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UNODC Report_The Use of the Internet for Terrorist Purposes

UNODC Report_The Use of the Internet for Terrorist Purposes

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42. The United Nations Global Counter-Terrorism Strategy32

was unanimously
adopted by the General Assembly in 2006, representing a milestone in the domain of
multilateral counter-terrorism initiatives. Pursuant to the Strategy, Member States
resolved, inter alia:

(a) To consistently, unequivocally and strongly condemn terrorism in all its forms
and manifestations, committed by whomever, wherever and for whatever pur-
poses, as it constitutes one of the most serious threats to international peace
and security;

(b) To take urgent action to prevent and combat terrorism in all its forms and
manifestations;

(c) To recognize that international cooperation and any measures that [they]
undertake to prevent and combat terrorism must comply with [their] obliga-
tions under international law, including the Charter of the United Nations
and relevant international conventions and protocols, in particular human
rights law, refugee law and international humanitarian law;

(d) To work with the United Nations with due regard to confdentiality, respect-
ing human rights and in compliance with other obligations under international
law, to explore ways and means to “(a) Coordinate efforts at the international
and regional levels to counter terrorism in all its forms and manifestations on the
Internet; (b) Use the Internet as a tool for countering the spread of terrorism, while
recognizing that States may require assistance in this regard” [emphasis added].

43. Several Security Council resolutions adopted in recent years require States to
cooperate fully in the fght against terrorism, in all its forms. In particular, resolutions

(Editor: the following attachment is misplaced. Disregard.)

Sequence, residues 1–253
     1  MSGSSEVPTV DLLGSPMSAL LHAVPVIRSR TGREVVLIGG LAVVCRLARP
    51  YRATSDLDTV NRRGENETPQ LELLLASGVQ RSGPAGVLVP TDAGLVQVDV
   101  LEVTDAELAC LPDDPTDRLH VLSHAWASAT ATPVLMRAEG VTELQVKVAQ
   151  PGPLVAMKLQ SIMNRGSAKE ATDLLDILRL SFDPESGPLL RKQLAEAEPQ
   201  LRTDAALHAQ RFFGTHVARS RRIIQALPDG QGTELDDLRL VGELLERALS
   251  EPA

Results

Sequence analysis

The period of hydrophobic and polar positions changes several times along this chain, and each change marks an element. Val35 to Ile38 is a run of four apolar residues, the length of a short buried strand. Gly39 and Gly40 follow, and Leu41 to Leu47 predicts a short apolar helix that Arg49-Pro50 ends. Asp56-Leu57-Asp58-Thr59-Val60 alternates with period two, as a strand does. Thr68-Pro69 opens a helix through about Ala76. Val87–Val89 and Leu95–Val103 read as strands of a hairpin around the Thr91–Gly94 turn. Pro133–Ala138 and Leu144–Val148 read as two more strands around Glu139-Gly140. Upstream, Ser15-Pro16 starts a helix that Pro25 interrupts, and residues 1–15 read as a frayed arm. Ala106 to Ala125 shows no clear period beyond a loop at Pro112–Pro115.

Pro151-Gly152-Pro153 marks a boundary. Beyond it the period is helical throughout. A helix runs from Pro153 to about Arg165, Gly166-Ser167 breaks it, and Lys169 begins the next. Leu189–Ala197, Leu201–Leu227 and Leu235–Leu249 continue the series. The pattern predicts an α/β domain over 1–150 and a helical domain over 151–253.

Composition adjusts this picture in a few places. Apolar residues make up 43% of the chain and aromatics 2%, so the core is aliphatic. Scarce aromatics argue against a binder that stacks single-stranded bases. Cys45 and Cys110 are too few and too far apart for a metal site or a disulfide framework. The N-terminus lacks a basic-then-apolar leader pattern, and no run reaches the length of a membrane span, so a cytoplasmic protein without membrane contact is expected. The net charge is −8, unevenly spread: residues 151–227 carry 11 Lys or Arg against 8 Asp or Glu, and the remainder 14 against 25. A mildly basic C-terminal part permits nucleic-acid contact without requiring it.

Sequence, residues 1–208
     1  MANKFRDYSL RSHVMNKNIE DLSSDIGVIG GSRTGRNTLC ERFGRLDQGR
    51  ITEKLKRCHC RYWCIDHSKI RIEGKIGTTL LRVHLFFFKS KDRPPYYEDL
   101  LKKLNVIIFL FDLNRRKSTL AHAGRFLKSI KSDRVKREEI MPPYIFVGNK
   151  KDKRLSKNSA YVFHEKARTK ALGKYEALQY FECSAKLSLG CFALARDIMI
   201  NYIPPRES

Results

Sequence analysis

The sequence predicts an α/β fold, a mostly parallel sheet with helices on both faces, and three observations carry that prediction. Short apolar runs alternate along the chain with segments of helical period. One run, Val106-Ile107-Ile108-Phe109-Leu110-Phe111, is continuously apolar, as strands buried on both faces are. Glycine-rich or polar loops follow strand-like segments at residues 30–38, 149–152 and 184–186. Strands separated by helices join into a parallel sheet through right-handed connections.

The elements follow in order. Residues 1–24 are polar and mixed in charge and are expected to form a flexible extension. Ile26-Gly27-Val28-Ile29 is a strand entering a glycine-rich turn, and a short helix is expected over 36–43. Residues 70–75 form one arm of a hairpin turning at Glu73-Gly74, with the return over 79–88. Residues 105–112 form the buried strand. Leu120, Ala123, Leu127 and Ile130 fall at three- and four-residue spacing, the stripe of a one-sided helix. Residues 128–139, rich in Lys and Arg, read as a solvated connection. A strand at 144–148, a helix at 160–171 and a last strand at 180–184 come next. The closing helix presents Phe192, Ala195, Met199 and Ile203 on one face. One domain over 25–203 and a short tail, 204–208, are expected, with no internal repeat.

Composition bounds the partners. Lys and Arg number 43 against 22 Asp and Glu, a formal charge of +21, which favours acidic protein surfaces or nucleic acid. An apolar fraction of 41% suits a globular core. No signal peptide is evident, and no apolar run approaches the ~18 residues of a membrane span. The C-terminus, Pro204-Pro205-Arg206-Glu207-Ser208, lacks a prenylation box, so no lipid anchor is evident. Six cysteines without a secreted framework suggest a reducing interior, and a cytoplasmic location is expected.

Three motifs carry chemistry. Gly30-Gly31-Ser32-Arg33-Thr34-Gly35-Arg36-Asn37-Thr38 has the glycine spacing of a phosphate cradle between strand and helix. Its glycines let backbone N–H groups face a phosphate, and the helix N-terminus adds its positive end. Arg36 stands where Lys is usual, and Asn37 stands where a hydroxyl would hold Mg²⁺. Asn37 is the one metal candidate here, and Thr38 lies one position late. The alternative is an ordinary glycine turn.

1373 (2001) and 1566 (2004), adopted under Chapter VII of the Charter of the United
Nations, require legislative and other action to be taken by all Member States to combat
terrorism, including through increased cooperation with other Governments in the inves-
tigation, detection, arrest, extradition and prosecution of those involved in terrorist acts;
and call upon States to implement the international conventions and protocols relating
to terrorism.

44. Another key Security Council resolution relating to terrorist activity that may be
conducted by means of the Internet is resolution 1624 (2005), which addresses the
incitement and glorifcation of terrorist acts. In its fourth preambular paragraph, the
Council condemns “in the strongest terms the incitement of terrorist acts “and repudi-
ates” attempts at the justifcation or glorifcation (apologie) of terrorist acts that may
incite further terrorist acts”. In paragraph 1, it calls upon all States to adopt such
measures as may be necessary and appropriate, and in accordance with their obligations
under international law, to prohibit by law and prevent incitement to commit a terrorist
act or acts.

32

General Assembly resolution 60/288.

CHAPTER II. THE INTERNATIONAl CONTExT

17

45. Recent United Nations reports and resolutions have specifcally acknowledged the
importance of countering terrorist use of the Internet as a key part of a comprehensive
counter-terrorism strategy. In his 2006 report to the General Assembly entitled “Unit-
ing against terrorism: recommendations for a global counter-terrorism strategy”,33

the
Secretary-General explicitly stated: “The ability to generate and move fnances, to
acquire weapons, to recruit and train cadres, and to communicate, particularly through
use of the Internet, are all essential to terrorists.”34

The Secretary-General went on to
assert that the Internet was a rapidly growing vehicle for terrorist recruitment and dis-
semination of information and propaganda, which must be countered through coordi-
nated action by Member States, while respecting human rights and other obligations
under international law.35

46. In its resolution 1963 (2010), the Security Council expressed “concern at the
increased use, in a globalized society, by terrorists of new information and communica-
tions technologies, in particular the Internet, for the purposes of the recruitment and
incitement as well as for the fnancing, planning and preparation of their activities.”
The Council also recognized the importance of cooperation among Member States to
prevent terrorists from exploiting technology, communications and resources.

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